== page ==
I have always wanted a backup camera in my vehicle, but never had one. I love learning and working on my own Car Audio Video installation work so after previewing forums and videos as much as possible, I decided I could do this project. If you’re reading this, and interested in backup cameras, I strongly recommend that you consider joining or at least searching a forum for your vehicle. It can be of so much help, and you’ll meet kind people that you can help too with your own experiences. Or, you can also consider purchasing your own equipment, and having it installed as well of course, there is no shame in that. Remember, it’s labor that costs money, but labor also keeps you safe so consult your manual. But I’m confident in my skills after ripping my vehicle apart a few times.
With a little searching, help and feedback from my friends at the Tacoma World Forum,I found this project not too difficult and in my Booya opinion, it yielded fun results. I just hate to leave a “feature” of any electronic device untested. Therefore, the purpose of my project was to install a “value-priced” camera to gauge the quality, learn to install myself, and see if it’s something I’d like to spend some real money on. This job is about running cable, zip ties, but also has important electrical considerations. Per my forum friends, I did bust out my handy soldering iron for certain connections, and to heat shrink a 1 amp inline glass-type fuse for safety as the camera has a maximum consumption of 150mA(thanks sam_io2). In addition, because I love flexibility and options, I also simply wired a molex power & ground connector that I can use to detach, attach any device. Not only did I add that, but I also added a 3 prong A/V Coupler so that I can literally plug in ANY device using RCA video audio cable. ( PSP, PS3,Nintendo,Digital Camera,Camcorder etc, videos to come, tons of options like tailgating )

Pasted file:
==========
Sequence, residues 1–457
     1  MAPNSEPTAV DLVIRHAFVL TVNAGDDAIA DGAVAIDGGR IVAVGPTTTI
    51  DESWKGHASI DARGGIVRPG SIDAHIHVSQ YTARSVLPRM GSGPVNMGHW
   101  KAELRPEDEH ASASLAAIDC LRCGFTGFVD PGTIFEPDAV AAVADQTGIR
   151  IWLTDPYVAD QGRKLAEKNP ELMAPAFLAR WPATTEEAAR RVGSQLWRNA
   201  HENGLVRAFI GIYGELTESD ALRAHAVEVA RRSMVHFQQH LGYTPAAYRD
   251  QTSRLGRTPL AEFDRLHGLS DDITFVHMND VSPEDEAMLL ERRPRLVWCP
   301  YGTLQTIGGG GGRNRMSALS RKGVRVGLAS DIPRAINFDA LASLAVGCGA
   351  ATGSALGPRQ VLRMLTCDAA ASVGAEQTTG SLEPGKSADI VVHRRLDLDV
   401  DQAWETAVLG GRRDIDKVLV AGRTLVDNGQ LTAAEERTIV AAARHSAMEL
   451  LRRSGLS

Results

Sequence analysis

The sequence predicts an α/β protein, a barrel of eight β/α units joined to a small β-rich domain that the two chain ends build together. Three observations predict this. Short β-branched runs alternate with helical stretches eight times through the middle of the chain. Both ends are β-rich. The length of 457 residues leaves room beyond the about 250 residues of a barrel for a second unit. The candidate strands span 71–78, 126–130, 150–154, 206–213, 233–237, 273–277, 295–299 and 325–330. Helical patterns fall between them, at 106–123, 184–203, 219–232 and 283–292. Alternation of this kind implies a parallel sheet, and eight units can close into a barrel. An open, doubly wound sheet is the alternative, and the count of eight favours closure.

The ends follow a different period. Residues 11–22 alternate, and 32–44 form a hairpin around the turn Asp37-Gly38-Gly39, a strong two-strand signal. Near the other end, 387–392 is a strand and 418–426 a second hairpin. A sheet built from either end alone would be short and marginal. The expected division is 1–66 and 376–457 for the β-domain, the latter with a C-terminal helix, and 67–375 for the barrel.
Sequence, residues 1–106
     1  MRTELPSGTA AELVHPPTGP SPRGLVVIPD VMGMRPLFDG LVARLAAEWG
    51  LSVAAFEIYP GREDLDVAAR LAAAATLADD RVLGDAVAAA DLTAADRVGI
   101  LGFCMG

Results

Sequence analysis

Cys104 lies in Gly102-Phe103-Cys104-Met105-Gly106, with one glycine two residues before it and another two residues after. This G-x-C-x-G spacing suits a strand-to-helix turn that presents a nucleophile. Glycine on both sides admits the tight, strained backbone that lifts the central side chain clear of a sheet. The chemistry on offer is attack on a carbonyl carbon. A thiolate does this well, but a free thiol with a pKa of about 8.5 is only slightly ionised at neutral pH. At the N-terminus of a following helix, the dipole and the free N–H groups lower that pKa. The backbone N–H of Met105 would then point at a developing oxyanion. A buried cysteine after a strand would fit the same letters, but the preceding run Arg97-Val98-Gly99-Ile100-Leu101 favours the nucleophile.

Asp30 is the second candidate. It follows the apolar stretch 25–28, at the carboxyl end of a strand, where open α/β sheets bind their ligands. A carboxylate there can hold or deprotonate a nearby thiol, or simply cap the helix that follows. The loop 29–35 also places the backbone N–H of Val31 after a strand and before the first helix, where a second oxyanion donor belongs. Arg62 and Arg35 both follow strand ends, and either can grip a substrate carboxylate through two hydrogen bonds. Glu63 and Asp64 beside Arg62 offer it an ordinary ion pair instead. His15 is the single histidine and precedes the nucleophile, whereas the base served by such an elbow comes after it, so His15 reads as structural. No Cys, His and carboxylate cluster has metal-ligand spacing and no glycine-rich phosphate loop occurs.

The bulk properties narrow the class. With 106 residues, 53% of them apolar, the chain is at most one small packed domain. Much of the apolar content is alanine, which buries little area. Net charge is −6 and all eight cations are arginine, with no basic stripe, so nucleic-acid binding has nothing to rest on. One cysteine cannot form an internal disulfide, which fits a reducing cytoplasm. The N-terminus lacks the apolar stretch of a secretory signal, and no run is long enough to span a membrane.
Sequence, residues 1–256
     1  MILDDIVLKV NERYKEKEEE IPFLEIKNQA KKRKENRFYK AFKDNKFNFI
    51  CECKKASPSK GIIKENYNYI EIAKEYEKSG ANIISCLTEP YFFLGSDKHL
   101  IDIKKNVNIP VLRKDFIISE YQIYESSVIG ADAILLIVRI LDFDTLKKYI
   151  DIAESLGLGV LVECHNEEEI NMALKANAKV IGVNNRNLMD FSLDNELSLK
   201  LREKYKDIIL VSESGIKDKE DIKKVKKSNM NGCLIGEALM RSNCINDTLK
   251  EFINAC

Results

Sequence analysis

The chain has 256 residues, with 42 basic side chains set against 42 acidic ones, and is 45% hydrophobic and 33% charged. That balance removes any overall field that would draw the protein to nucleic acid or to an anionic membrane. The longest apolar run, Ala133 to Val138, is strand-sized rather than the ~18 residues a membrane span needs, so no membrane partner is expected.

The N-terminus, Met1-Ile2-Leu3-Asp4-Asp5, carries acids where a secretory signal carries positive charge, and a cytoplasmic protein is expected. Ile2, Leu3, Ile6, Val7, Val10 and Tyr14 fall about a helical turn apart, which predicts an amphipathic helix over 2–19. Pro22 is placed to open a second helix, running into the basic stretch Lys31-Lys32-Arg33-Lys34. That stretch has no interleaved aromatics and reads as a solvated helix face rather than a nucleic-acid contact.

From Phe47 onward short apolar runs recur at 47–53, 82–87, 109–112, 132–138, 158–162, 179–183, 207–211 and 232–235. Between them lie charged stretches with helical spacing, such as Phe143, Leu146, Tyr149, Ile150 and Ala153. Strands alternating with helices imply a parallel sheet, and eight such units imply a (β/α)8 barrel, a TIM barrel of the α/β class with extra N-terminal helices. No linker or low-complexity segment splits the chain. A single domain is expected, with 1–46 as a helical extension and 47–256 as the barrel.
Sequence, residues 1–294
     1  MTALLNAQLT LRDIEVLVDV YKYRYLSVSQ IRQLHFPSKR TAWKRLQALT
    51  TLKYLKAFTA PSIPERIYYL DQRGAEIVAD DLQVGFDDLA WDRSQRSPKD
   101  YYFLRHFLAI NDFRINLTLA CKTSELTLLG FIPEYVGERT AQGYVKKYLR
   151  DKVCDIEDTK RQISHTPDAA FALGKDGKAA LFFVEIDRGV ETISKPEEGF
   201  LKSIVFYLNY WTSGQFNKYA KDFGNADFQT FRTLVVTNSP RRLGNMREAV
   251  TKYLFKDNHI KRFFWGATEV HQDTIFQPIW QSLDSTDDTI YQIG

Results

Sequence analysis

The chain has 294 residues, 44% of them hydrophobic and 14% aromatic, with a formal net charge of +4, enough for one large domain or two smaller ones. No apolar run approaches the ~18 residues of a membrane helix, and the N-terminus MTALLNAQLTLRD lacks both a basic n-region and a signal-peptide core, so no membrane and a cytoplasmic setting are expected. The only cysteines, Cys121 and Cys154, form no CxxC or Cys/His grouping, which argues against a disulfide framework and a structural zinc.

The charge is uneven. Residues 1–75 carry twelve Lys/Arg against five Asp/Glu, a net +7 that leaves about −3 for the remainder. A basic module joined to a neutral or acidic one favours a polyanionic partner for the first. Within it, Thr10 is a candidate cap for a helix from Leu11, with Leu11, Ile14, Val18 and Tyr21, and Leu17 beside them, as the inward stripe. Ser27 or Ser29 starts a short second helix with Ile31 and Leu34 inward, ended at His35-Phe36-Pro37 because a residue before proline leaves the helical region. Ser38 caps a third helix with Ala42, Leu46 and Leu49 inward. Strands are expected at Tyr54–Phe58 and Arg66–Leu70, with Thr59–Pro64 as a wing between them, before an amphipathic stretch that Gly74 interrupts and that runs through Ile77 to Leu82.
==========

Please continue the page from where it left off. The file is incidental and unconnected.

I prefer single-din sized Head Units for space, detach-ability and “don’t-steal-me-factor, and the JVC KD AVX 44 “Kamelion” is my HU of choice. It is amazingly flexible, with its inputs, outputs, and special fun like e-brake bypass for those that desire flexibility. At this point, single, or double din I will always consider a JVC Head Unit first after 5 years experience with “enthusiast level” usage of their products.
My selected mounting point was my expendable thick rubber OEM tow-hitch Plug. If you have a car, then I’d simply find your vehicle forum and search “backup camera mounting points”, or consider a simple license plate mount with theft prevention screws. In my case with my 2006 Tacoma, I just cut a little circle in the tow-plug, and fed the cables through the hitch channel. I overestimated my rubber-cutting-skills, by thinking that I could cut a smooth circle with fresh razor blades, and I was wrong. I recommend, doing the opposite of me, which is to take 5 minutes, and find that keyhole saw that you bought 3 years ago, and is now buried in your garage. My cut was indeed rough, but the DP Video DBC366 Camera has screws that hold it in place and this baby is firm, even after testing it twice over the speed-bumps in my company garage. The provided screws(non-threaded) in this camera also serve as your angling method for easy up-down left-right fine tuning and securing to your mount location. I found this simple option quite effective in aiming where I wanted. I found testing very easy using a removable plug method, so consider your testing methods during setup as you may need another human to help you align your camera the first time.